Filmmaker Ismail Merchant, who with partner James Ivory created sumptuous period pieces such as “A Room With a View” and “Howards End,” died Wednesday in London. He was 68.
The Mumbai-born producer had been unwell for some time and recently underwent surgery for abdominal ulcers.
Merchant and American director Ivory made some 40 films together and won six Oscars since forming their enduring partnership in 1961 with German-born screenwriter Ruth Prawer Jhabvala.
Known as a driven businessman who paid close attention to marketing and publicity, Merchant was also renowned for his cost-effective approach to production.
“With us, the conception comes with the screenplay, and then we all do all things,” Merchant once told Variety. “Everything is a part of Merchant Ivory: casting, hiring the crew, locations, how much we can spend — everything. We are all involved. It is one of the reasons we have been as successful as we have.”
The bon vivant and expert chef took advantage of the team’s frequent shoots in France and Italy to publish several books devoted to travel and recipes as well as two Indian cookbooks. He could be seen at the 2000 Cannes Film Festival dishing out Indian food at the head of the buffet line for guests at the “Golden Bowl” party.
Merchant first traveled to the U.S. to study business at NYU. After being impressed with one of Ivory’s docus, he asked the helmer out for coffee in 1961. Their first film together, “The Householder,” was based on a novel by Prawer Jhabvala.
Their early films like “Shakespeare-Wallah” and “Bombay Talkie” explored culture clashes in India. In 1979 they made the first of their trademark historical dramas with an adaptation of Henry James’ “The Europeans,” followed by “Quartet,” “Heat and Dust” and another James adaptation, “The Bostonians.”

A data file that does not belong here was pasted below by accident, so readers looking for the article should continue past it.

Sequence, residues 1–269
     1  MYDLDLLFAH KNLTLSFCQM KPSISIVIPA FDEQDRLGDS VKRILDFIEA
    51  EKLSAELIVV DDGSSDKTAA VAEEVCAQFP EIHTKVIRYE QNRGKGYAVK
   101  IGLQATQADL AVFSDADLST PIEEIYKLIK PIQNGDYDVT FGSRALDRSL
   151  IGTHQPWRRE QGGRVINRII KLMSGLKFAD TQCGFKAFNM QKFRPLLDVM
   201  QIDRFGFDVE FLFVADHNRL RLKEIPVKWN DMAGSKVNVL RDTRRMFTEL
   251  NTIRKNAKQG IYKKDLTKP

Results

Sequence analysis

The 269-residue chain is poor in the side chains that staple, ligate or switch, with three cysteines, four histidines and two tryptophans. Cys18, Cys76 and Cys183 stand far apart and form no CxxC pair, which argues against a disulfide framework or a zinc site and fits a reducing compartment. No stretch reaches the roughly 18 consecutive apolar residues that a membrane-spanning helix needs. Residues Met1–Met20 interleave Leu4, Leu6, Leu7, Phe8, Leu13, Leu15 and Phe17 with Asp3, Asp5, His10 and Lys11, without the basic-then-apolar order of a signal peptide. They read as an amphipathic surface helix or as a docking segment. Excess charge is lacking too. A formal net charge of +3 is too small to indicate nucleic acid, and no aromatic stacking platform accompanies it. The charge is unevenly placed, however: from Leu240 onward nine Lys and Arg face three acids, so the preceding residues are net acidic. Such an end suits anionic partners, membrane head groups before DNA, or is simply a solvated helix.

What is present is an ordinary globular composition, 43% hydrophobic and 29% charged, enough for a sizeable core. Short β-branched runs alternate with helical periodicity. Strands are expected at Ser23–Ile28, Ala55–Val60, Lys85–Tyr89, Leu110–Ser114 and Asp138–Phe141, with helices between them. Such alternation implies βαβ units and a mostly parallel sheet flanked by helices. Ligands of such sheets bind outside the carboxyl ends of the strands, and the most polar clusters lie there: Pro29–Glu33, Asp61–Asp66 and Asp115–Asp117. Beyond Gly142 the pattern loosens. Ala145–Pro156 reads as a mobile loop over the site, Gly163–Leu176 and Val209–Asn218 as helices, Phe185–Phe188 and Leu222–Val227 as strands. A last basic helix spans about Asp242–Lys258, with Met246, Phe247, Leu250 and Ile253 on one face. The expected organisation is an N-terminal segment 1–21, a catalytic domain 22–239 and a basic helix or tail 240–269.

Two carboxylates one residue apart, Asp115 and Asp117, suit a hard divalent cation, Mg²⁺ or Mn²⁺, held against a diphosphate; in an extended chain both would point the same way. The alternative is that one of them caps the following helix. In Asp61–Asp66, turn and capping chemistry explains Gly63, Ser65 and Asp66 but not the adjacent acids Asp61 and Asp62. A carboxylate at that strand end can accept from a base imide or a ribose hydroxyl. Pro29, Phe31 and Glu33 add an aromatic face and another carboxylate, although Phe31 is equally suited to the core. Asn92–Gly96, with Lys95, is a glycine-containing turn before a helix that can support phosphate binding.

“Room With a View,” adapted from E.M. Forster, won three Oscars and was nommed for best picture and director. After another Forster period piece, “Maurice,” and a disappointing adaptation of Tama Janowitz’s “Slaves of New York,” the team bounced back in 1992 with “Howards End,” a lively rendering of Forster’s novel, which won three Oscars as well as picture and director noms.
This was followed by Oscar-nommed literary adaptation “Remains of the Day,” “Jefferson in Paris” and “A Soldier’s Daughter Never Cries.”
More recent films such as “Le Divorce,” starring Kate Hudson and Naomi Watts, and “The Golden Bowl” didn’t garner as much attention, however.
In addition to his long producing career, Merchant directed several films, including “Cotton Mary,” “The Proprietor” and “The Mystic Masseur.”
He was planning to direct on “The Goddess,” a controversial musical about the Hindu mother goddess, Shakti, which would star a singing, dancing Tina Turner. In November, Sony Pictures Classics will release “The White Countess,” an Ivory-helmed period drama starring Ralph Fiennes, Vanessa Redgrave and Natasha Richardson.
“Ismail Merchant was one of the best independent producers in the history of the movies. He will remain always our hero both personally and professionally,” said Sony Pictures Classics toppers Michael Barker, Tom Bernard and Marcie Bloom.